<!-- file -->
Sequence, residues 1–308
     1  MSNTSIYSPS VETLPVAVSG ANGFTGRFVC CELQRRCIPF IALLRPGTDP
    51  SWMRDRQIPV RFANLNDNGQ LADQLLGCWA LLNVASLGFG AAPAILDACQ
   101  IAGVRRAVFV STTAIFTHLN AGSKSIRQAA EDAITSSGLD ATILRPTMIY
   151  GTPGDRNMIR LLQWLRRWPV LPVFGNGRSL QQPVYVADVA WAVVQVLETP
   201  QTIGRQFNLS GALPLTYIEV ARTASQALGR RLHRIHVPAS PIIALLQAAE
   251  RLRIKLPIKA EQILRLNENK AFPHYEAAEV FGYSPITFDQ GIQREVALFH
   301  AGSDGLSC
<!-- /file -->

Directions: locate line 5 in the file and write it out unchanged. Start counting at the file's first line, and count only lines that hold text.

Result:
   151  GTPGDRNMIR LLQWLRRWPV LPVFGNGRSL QQPVYVADVA WAVVQVLETP